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1. Lost in the Funhouse: The Life
2. Andy Kaufman Revealed!: Best Friend
3. Dear Andy Kaufman, I Hate Your
4. Andy Kaufman: Wrestling with the
5. Was This Man a Genius?: Talks
6. God...and Other Plays
7. Shining the Light on The Secret
8. The Huey Williams Story
9. Navigating the Winds of Change
10. Lost In the Funhouse: The Life
11. Elvis Impersonators: Andy Kaufman,
12. Lost in the Funhouse. the Life
13. Transcendental Meditation Practitioners:
14. Kaufman, Andy (1949-1984): An
15. Lost in the Funhouse The Life
16. American Performance Artists:
17. STEVE KAUFMAN " The Former Assistant
18. Andy Kaufman Show [Vhs]
19. Andy Kaufman: Entertainment, Actor,
20. Relinquishing Parents: Joni Mitchell,

1. Lost in the Funhouse: The Life and Mind of Andy Kaufman
by Bill Zehme
Paperback: 384 Pages (2001-01-09)
list price: US$13.95 -- used & new: US$39.93
(price subject to change: see help)
Asin: 0385333722
Average Customer Review: 4.0 out of 5 stars
Canada | United Kingdom | Germany | France | Japan
Editorial Review

Product Description
From renowned journalist Bill Zehme, author of the New York Times bestselling The Way You Wear Your Hat: Frank Sinatra and the Lost Art of Livin', comes the first full-fledged biography and the only complete story of the late comic genius Andy Kaufman. Based on six years of research, Andy's own unpublished, never-before-seen writings, and hundreds of interviews with family members, friends, and key players in Andy's endless charades, many of whom have become icons in their own right, Lost in the Funhouse takes us through the maze of Kaufman's mind and lets us sit deep behind his mad, dazzling blue eyes to see, firsthand, the fanciful landscape that was his life.Controversial, chaotic, splendidly surreal, and tragically brief--what a life it was.

Andy Kaufman was often a mystery even to his closest friends. Remote, aloof, impossible to know, his internal world was a kaleidoscope of characters fighting for time on the outside. He was as much Andy Kaufman as he was Foreign Man (dank you veddy much), who became the lovably bashful Latka on the hit TV series Taxi. He was as much Elvis Presley as he was the repugnant Tony Clifton, a lounge singer from Vegas who hated any audience that came to see him and who seemed to hate Andy Kaufman even more. He was a contradiction, a paradox on every level, an artist in every sense of the word.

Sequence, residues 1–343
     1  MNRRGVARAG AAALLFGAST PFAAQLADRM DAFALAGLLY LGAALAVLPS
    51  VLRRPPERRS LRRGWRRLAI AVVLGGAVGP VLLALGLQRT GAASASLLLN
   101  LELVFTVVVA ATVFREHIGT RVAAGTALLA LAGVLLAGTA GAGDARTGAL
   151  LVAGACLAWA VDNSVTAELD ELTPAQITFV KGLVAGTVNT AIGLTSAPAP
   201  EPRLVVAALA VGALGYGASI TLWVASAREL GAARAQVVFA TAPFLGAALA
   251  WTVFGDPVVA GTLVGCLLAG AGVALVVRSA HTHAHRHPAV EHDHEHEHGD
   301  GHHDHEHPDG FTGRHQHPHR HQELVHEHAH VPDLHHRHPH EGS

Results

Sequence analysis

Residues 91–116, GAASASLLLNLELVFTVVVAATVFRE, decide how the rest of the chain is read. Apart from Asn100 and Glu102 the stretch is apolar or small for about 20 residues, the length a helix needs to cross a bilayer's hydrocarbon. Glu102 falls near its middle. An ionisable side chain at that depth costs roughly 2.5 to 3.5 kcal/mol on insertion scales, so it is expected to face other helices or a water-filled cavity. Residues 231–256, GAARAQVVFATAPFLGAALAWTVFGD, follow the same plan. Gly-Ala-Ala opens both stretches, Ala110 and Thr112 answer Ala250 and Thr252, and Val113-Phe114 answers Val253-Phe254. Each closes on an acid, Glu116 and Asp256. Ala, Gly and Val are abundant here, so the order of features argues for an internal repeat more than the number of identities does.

During the comic boom of the seventies, when the world had begun to discover the prodigious talents of Steve Martin, Richard Pryor, John Belushi, Bill Murray, and so many others, Andy was simply doing what he had always done in his boyhood reveries. On the debut of Saturday Night Live, he stood nervously next to a phonograph that scratchily played the theme from Mighty Mouse. He fussed and fidgeted, waiting for his moment. When it came, he raised his hand and moved his mouth to the words "Here I come to save the day!" In that beautiful deliverance of pantomime before the millions of people for whom he had always dreamed about performing, Andy triumphed. He changed the face of comedy forever by lurching across boundaries that no one knew existed. He was the boy who made life his playground and never stopped playing, even when the games proved too dangerous for others.And in the end he would play alone, just as he had when it was all only beginning.